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String Concatenation

Post JDK-9: + Outside of Loops

Although the often suggested StringBuilder is more performant in loops From JDK-9 and onwards, it is preferable in terms of readability and close to equal performance to use the + operator for short string concatenations.

Although String.format() is generally more readable than it's counterparts of String concatenation and StringBuilder , the performance of String.format() is far worse, and for a smaller number of operations the difference in performance between StringBuilder and the + operation is negligible.

String formatValues(String firstName, String lastName, int age) {
return String.format("Welcome %s %s, you are %d years old!", firstName, lastName, age);

String concatenateValues() {
return "Welcome " + firstName + " " + lastName + ", you are " + age + " years old!";

String stringBuilderValues() {
return StringBuilder("Welcome ").append(firstName).append(" ").append(lastName)
.append(", you are ").append(age).append(" years old!").toString();



@Warmup(iterations = 5, time = 1, timeUnit = TimeUnit.MILLISECONDS)
@Measurement(iterations = 200, time = 1, timeUnit = TimeUnit.MILLISECONDS)
public class StringConcatenationBenchmark {

private String uuid1;
private String uuid2;
private String uuid3;

public void setup() {
uuid1 = UUID.randomUUID().toString();
uuid2 = UUID.randomUUID().toString();
uuid3 = UUID.randomUUID().toString();

public String concatenate_string() {
return uuid1 + " - " + uuid2 + " - " + uuid3;

public String format_string() {
return String.format("%s - %s - %s", uuid1, uuid2, uuid3);

public String string_builder() {
return new StringBuilder(uuid1).append(" - ").append(uuid2).append(" - ").append(uuid3).toString();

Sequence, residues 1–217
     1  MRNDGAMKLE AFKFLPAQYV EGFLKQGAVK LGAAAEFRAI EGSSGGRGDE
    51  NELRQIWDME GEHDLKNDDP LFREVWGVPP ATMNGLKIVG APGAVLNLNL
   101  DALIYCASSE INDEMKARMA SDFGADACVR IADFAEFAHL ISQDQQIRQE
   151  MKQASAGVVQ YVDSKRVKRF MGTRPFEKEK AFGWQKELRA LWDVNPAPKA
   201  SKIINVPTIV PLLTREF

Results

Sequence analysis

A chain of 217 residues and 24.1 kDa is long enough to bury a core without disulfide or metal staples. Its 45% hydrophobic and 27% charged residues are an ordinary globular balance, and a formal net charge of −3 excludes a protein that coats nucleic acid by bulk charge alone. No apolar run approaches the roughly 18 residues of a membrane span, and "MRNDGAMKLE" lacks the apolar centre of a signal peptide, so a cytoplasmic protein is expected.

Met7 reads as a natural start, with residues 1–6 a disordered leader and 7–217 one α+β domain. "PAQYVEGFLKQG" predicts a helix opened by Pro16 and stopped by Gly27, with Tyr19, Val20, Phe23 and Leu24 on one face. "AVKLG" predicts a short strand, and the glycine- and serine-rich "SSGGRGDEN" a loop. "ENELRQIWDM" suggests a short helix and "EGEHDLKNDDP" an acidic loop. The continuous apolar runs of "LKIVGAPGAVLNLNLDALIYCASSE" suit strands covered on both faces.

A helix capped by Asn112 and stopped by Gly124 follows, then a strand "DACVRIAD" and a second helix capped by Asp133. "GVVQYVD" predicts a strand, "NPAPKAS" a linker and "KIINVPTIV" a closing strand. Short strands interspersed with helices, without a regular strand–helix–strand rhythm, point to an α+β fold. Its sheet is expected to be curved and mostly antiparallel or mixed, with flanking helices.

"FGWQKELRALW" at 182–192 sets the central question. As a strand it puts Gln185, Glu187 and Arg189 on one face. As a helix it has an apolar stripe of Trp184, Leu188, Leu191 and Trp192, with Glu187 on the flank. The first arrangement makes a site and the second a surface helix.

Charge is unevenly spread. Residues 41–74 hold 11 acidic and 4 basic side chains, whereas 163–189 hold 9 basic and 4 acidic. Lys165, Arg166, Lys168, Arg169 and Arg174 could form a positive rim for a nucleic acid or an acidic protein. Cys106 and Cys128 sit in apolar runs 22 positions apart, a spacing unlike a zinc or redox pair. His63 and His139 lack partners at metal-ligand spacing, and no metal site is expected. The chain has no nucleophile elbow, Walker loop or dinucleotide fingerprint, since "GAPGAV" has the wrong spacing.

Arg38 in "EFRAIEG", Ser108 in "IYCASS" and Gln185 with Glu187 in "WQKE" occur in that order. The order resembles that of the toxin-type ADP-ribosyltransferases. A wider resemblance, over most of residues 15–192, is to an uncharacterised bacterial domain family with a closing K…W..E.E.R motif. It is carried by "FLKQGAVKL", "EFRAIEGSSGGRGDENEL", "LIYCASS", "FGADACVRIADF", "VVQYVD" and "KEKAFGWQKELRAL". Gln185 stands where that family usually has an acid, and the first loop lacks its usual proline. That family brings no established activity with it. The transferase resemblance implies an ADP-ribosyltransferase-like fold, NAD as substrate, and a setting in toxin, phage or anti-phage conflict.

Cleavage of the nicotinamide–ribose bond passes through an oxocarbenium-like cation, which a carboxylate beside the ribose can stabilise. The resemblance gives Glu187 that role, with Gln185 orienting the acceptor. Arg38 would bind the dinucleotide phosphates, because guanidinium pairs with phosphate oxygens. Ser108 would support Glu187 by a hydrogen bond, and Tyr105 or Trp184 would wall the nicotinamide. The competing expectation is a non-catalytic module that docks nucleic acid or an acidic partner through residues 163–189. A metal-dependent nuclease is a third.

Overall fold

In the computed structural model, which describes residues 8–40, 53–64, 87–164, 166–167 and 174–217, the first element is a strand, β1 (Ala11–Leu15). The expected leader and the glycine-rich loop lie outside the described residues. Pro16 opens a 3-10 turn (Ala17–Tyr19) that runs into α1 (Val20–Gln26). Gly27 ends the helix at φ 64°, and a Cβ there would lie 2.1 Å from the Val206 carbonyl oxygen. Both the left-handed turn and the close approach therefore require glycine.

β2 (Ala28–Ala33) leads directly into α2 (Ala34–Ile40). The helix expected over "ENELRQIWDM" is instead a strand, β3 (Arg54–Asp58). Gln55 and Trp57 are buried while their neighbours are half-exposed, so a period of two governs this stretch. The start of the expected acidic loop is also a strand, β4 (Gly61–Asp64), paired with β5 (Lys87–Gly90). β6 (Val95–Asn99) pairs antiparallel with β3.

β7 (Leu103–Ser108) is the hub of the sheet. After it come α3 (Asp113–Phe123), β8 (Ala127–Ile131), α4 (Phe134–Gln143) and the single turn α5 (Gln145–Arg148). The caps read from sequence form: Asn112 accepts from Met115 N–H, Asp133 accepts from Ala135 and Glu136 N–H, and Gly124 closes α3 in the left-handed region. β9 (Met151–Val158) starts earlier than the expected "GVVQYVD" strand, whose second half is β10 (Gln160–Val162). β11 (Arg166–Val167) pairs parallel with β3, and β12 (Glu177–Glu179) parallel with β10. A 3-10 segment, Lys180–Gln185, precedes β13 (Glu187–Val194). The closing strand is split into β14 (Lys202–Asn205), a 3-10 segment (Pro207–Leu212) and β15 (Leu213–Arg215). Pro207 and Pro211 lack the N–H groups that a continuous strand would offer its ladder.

As can be seen from the results below, there's a marginal performance increase of 2.4% using StringBuilder over concatenation. However, there's a 667.7% increase in performance using + compared to String.format()!

StringConcatenationBenchmark.concatenate_stringavgt200121.715± 16.742ns/op
StringConcatenationBenchmark.format_stringavgt200946.532± 271.592ns/op
StringConcatenationBenchmark.string_builderavgt200124.590± 41.864ns/op

Pre JDK-9: StringBuilder over Concatenation

When performing String concatenation in Java, it is very easy to fall into the trap of utilising the + operator to combing multiple strings together. However, this approach has major performance ramifications if performed a large number of times. Default String concatenation requires both strings contents to be copied, resulting in quadratic runtime (O(n2)).

Strings in Java are immutable - meaning that operations on a String never change the value of the String. Each time String A is concatenated with String B, memory is allocated to allow space for the combined length of the 2 new strings; then the original reference to String A is replaced with its new concatenated form.

StringBuilder in contrast uses an internal array to copy over the characters, increasing the size of the array if needed when adding new Strings.

public class TestStringConcatenation {
String usingStringConcatenation(String stringToAppend) {
String startingString = "";

for (int i = 0; i < 10_000; i++) {
startingString += stringToAppend;
return startingString;

String usingStringBuilder(String stringToAppend) {
StringBuilder sb = new StringBuilder();

for (int i = 0; i < 10_000; i++) {
return sb.toString();

This can result in massive performance improvements when concatenations are run numerous times. To improve performance further - if you know the size of the final string ahead of time, pre-allocate the StringBuilder's size.

StringBuilder sb = new StringBuilder(INITIAL_SIZE);

Multi-threaded Environments

Minor caveat - if performing concatenation in a multi-threaded environment - then StringBuffer should be used as it provides synchronisation for threads, although less performant than StringBuilder.